“Our focus there is really trying to mitigate congestion as best we can,” McGurk said.

Southbound drivers can use the center lanes/middle bridge of the 14th Street Bridge complex leaving D.C. without being tolled or meeting HOV rules as long as they exit into the regular I-395 lanes just after entering Virginia using the ramp near Boundary Channel Drive.

Drivers traveling on the left lane of the regular I-395 lanes should be aware that the slip ramp into D.C. before the 14th Street Bridge is now a toll road.

The final chance for southbound drivers to exit the middle lanes before facing HOV or toll rules is Eads (Pentagon/Pentagon City).

Drivers who do carpool north to the Pentagon to drop off riders in the morning or south from the Pentagon after picking riders up in the afternoon can use the last stretch in or out of D.C. for immediately before or after the trip.

Transurban said it would automatically waive tolls for those drivers who have used an E-ZPass Flex in HOV mode then switch it to toll mode. The waiver only applies to drivers who pick up or drop off carpoolers or sluggers using the Eads (Pentagon or Pentagon City) exit who then get back on the Express Lanes at Eads.

Failing to switch the E-ZPass Flex back to toll paying mode would be grounds for police to ticket those drivers though for violating tolling rules.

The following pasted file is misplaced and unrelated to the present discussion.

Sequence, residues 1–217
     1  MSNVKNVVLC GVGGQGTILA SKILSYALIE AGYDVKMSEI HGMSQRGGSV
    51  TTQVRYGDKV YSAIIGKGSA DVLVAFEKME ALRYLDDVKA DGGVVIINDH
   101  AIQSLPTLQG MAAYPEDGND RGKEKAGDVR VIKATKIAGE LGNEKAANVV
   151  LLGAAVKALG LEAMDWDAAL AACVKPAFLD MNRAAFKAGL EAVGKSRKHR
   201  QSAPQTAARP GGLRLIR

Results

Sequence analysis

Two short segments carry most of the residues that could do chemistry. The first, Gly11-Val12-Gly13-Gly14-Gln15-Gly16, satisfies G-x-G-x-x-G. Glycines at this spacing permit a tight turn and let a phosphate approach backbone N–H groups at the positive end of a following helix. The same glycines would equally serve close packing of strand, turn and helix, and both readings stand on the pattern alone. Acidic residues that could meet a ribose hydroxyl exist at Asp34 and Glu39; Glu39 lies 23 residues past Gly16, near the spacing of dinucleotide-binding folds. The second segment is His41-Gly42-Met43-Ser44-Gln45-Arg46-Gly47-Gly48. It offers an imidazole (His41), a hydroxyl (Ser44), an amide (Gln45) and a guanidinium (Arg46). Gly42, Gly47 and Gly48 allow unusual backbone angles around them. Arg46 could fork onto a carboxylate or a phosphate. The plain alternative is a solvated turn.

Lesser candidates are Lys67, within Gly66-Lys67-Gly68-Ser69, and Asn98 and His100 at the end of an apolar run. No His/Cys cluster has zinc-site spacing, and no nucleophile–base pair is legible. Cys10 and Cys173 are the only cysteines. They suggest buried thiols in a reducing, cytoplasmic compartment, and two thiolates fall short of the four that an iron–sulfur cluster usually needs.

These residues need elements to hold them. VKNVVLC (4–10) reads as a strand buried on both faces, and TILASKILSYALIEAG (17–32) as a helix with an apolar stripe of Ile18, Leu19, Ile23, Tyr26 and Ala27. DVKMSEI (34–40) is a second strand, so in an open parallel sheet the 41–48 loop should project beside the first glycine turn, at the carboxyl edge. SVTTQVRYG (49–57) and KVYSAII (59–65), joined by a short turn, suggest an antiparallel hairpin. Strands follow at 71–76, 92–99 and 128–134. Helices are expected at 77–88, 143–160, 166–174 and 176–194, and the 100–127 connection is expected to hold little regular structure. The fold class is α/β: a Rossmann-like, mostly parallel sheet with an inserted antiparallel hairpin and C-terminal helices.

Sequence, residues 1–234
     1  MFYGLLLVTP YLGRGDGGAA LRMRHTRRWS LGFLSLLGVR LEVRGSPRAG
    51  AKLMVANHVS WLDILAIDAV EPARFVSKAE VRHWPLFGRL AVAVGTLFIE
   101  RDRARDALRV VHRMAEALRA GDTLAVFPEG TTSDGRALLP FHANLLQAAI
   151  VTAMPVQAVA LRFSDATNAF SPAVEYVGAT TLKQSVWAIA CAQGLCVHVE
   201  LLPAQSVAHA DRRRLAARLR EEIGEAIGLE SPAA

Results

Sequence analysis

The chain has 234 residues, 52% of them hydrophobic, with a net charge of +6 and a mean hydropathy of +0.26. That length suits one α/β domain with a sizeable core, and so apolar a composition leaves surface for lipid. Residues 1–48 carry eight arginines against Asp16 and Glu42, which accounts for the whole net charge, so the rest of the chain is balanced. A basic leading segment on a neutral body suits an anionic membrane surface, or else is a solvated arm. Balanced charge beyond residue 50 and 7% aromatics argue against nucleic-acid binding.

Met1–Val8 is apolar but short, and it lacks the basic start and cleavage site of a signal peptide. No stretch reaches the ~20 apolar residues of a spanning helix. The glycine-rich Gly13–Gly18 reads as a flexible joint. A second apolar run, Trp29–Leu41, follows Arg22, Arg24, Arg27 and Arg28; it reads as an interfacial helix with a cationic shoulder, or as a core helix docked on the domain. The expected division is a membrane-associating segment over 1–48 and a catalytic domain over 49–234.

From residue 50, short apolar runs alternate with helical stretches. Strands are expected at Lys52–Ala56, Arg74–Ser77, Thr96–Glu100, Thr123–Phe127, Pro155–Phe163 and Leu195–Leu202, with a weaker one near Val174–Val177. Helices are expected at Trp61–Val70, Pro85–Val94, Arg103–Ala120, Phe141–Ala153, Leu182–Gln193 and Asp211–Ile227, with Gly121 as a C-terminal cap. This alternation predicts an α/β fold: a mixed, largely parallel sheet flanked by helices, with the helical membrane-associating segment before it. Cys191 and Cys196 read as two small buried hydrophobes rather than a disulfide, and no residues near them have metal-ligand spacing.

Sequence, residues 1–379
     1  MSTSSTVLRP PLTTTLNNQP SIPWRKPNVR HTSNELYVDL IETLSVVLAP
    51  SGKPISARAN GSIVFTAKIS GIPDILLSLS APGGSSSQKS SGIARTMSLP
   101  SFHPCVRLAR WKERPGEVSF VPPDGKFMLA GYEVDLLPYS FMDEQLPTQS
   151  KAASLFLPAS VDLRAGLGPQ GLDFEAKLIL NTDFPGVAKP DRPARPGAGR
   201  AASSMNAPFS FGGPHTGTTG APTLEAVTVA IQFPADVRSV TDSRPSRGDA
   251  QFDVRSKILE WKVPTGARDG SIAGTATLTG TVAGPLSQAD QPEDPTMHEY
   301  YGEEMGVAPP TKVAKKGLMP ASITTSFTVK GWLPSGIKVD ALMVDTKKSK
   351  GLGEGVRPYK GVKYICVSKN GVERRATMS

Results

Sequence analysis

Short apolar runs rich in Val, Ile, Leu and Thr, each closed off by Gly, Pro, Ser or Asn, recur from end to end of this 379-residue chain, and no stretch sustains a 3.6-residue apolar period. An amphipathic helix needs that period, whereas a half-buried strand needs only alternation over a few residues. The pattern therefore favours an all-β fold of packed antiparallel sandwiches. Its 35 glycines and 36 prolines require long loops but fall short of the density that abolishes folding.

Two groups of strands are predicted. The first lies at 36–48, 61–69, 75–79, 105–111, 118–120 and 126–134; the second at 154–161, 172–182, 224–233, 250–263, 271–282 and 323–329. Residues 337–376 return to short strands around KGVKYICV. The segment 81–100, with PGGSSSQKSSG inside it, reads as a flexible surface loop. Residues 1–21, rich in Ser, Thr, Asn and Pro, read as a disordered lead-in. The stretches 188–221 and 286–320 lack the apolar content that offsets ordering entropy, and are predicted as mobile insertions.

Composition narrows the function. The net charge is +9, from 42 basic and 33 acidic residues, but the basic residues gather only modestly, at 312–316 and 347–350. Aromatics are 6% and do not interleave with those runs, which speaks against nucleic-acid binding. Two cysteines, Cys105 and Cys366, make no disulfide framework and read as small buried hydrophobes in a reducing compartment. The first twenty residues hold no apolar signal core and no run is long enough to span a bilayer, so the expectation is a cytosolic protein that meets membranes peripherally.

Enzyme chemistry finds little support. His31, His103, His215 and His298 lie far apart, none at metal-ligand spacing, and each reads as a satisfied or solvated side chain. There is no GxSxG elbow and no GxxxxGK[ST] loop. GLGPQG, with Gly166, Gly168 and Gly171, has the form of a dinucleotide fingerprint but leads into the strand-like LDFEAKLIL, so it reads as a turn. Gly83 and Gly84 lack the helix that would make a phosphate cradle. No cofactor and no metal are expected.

Q: What stays the same?


Most current access points to and from the HOV lanes remain the same for the Express Lanes, with the same reversal schedule.

The ramp to Seminary Road from the lanes when they are pointed northbound will remain HOV only all the time, with an E-ZPass Flex required. That ramp is also HOV only to enter the lanes from Seminary when the lanes are pointed southbound.

Transurban, the Virginia Department of Transportation and Alexandria officials are looking into changing that.

Courtesy Transurban

Q: I got in the lanes by accident. What now?


As drivers get used to the new lanes, Transurban is willing to waive tolls or make other accommodations for drivers who mistakenly get in the lanes.

The company wants to make sure that there are no repeats of the major issues that happened when the 495 Express Lanes opened with drivers trying to stop or back up in the middle of fast-moving traffic.

Drivers can call Transurban at 855-495-9777 to address the issue. There’s also an online form to submit questions or concerns.


Q: I don’t have an E-ZPass Flex, but need to keep carpooling/slugging. What should I do?


For the first few weeks of tolling, Transurban will allow carpoolers to register their license plates for one week of free rides to provide time for getting an E-ZPass Flex.

The transponders can be ordered online or picked up at a number of retail stores in the area.
Temporary carpool registration with Transurban will be permitted through the end of November. Call 855-495-9777.


Q: Can motorcycles ride free?


Like in the 95 and 495 Express Lanes, motorcycles ride free in the 395 Express Lanes.

Motorcycles are not required to have an E-ZPass, but those who do also are not charged for their trips.


Q: Any new transit options?


A number of bus routes currently use the corridor, and Metro and Virginia Railway Express also serve the area. But a sliver of the toll revenue is also going to some new transit options.

OmniRide’s new bus routes from Staffordboro to the Pentagon and L’Enfant Plaza, for example, are free through the end of this year, so riders can try it out.


Q: Who handles enforcement in the lanes?


Virginia State Police will enforce the HOV rules in the toll lanes.

A light flashes on gantries to indicate to troopers which cars are claiming to meet carpool requirements, and troopers can then pull over any violators.

Enforcement locations include the area just before the D.C. line.